“Show them who we are.”
Speaking of villains, Tenoch Huerta makes his Marvel debut as Namor, the ruthless king of Talokan and a fair attempt at recapturing the same unrelenting energy of Michael B. Jordan’s Killmonger, who also looms large over this sequel in subtle, but poignant ways. Namor is nowhere near as impactful or surprising as Killmonger, but he’s still a wealth of charisma and heart, even if the other Talokans aren’t nearly as memorable or sure to make an impression.
M’Baku (Winston Duke), Okoye (Danai Gurira), Nakia (Lupita Nyong’o), and even Ross (Martin Freeman) are all back in addition to Shuri and Ramonda — though, seriously, Ross? Really? Ryan Coogler is back, too, as both director and co-screenwriter with Joe Robert Cole. The brilliant costumes, impeccable production design, and sharp cultural details are all back as well. So it’s a wonder they managed to avoid a few other things returning, like the lackluster action sequences.
This time around, Wakanda Forever has a decent share of gripping fights, all of them still rooted in the emotional pull that saved Black Panther from being a talky costume contest. Though the special effects still aren’t quite up to the higher standards of even some of Marvel’s TV shows, the choreography and basic visual appeal behind these encounters elicit some significant tension, much of it aided by how this world feels more fragile and prone to breaking than ever.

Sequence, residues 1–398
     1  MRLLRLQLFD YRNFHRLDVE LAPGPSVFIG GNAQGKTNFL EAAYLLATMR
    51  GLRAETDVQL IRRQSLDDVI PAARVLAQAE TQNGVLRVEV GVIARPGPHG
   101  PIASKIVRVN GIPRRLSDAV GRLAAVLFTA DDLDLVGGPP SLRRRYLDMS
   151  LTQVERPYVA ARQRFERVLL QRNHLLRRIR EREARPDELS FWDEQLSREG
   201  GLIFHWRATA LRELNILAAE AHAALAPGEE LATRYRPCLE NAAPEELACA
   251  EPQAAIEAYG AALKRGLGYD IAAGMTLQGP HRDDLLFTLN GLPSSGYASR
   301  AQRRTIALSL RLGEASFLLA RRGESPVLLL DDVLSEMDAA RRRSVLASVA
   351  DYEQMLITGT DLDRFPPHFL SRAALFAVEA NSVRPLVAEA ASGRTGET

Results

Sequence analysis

An emotional punch of a tribute.
For how complete the film feels emotionally, it’s still a bit searching in regards to its war games. Sure, there’s a half-hearted attempt to tie all the pain and political strife of these misunderstood nations to the cyclical nature of vengeance, but not in a way that stands out all that much from lessons T’Challa already learned six years ago in a Captain America movie of all things. Wakanda Forever has no shortage of thought-provoking ideas, to be sure. It just doesn’t give all those ideas the set pieces they need to land with some serious impact. Except the parts when it surely does, and all is quickly forgiven.
This all wears quite thin, though, as the movie stretches to 161 minutes. To the point where one seriously has to wonder why more of the Ross scenes didn’t get cut (likely due to how certain characters will tie into other movies and shows, and you already know how all this works, right?) Again, it’s the Marvel machine. We know its little tricks and foibles by now, and it’s not like the last Black Panther movie was able to escape these committee bylaws, either.
Many who find themselves somewhat bored with the recent glut of Marvel content have good enough reason to step back into the circle for another round with Coogler and his amazing friends. It’s another Marvel movie, but it’s also another Black Panther movie. It’s the king for a reason.
Black Panther: Wakanda Forever opens in theaters on November 11. Watch the trailer here.
Featured Image Photo courtesy of Marvel Studios. © 2022 MARVEL.
BLACK PANTHER: WAKANDA FOREVER - 7.5/10